And The Sax Played OnRichard Brandt
Philippe Kahn still has a job. Good news, certainly, for the flamboyant founder and chief executive of software maker Borland International. Not so good, though, for the College Retirement Equities Fund (CREF) and the California Public Employees' Retirement System (CalPERS)--the two Borland investors that had declared their opposition to Kahn's reelection as chairman.
Kahn has come under increasing attack in the past year. After reporting a $70 million loss in Borland's fiscal year ended Mar. 31, the board revealed that Kahn was awarded favorably priced options for 1 million shares. Kahn also had to reimburse the company for private use of a company-leased plane and for production of a music compact disk on which Kahn played sax.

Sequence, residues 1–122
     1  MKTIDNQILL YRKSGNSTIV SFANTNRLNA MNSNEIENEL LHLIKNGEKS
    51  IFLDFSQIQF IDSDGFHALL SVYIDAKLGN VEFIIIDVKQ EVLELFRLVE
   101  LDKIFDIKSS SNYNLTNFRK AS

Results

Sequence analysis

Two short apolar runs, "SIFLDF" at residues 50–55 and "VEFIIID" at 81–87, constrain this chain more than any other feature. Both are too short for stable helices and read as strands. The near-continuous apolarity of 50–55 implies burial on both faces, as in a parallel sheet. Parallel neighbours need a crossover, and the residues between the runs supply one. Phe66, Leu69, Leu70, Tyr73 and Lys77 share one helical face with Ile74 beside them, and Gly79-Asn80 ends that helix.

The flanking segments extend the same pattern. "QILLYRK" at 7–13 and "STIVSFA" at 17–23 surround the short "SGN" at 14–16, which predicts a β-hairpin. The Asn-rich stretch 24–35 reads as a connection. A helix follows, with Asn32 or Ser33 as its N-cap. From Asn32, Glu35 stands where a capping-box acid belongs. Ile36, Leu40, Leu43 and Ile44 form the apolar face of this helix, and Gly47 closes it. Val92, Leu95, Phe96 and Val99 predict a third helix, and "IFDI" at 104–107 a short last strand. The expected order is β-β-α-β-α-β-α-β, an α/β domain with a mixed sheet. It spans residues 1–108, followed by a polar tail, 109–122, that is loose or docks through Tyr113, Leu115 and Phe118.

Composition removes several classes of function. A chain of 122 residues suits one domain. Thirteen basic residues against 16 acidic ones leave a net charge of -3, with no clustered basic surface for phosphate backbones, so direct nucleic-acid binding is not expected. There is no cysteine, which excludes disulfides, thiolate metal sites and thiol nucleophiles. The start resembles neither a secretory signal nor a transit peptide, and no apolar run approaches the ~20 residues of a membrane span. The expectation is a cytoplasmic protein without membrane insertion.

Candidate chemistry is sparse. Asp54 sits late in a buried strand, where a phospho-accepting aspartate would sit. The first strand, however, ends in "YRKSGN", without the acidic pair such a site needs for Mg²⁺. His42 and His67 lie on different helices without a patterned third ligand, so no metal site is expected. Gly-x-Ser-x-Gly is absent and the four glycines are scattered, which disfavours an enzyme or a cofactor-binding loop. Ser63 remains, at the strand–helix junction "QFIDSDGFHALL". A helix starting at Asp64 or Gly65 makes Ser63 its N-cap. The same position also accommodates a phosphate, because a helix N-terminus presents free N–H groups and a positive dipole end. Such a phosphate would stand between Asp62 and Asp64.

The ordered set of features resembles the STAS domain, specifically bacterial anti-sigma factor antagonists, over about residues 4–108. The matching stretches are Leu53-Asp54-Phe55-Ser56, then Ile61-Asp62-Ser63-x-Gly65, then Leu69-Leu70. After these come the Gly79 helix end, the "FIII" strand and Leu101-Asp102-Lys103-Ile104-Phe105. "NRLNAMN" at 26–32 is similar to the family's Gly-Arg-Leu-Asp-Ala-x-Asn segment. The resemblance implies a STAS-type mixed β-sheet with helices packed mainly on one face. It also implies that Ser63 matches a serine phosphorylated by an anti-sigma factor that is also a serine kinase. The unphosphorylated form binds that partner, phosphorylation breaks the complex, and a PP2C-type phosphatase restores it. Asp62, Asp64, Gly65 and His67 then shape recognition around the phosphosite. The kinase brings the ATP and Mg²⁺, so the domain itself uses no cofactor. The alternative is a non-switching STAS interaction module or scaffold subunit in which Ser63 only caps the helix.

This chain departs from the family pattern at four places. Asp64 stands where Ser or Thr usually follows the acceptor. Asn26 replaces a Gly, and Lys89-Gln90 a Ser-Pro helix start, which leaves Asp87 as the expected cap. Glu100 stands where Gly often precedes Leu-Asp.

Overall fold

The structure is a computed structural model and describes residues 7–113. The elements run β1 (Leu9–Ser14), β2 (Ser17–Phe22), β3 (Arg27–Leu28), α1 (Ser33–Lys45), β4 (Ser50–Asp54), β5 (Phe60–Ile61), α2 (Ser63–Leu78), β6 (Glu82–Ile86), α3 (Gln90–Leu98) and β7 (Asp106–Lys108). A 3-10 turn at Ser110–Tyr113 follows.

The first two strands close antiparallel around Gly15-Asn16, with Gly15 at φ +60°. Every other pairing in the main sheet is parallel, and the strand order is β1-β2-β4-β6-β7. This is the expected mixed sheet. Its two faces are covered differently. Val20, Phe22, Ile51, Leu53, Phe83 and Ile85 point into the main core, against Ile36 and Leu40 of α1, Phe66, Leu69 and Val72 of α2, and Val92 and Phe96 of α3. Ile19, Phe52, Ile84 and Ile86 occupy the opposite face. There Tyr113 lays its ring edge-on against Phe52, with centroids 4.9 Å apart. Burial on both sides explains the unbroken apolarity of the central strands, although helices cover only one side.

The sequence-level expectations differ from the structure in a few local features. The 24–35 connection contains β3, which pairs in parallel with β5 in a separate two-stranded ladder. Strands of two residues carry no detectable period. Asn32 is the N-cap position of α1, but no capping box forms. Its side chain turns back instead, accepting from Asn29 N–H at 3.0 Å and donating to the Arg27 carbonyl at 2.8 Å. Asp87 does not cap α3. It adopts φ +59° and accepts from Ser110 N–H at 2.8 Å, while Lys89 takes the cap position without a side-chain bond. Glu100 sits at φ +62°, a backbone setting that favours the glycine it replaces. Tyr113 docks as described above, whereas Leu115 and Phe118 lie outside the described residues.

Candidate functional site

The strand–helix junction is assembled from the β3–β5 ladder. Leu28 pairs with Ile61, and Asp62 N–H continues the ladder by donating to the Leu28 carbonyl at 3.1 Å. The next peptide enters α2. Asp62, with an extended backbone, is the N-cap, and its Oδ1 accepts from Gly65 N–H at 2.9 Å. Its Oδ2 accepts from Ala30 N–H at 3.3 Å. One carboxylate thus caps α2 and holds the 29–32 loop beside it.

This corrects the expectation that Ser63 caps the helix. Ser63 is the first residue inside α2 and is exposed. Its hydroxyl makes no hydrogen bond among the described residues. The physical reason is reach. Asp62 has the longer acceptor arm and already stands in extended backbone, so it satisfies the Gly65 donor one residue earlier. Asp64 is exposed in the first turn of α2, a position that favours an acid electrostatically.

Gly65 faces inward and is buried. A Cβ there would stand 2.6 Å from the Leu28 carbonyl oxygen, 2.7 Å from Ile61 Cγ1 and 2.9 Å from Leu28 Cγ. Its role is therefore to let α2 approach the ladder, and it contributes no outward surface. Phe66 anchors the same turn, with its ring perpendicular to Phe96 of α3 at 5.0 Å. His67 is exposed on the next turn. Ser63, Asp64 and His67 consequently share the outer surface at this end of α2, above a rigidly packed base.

But at Borland's annual meeting on Aug. 30, board members denounced the controversy as overblown and insisted that there was no move under way to oust Kahn. Nearly 95% of the votes cast favored the chairman's reelection, Borland says. No shareholders spoke on the issue, and CalPERS said afterward it was just expressing dissatisfaction. For now, at least, Kahn isn't playing the blues.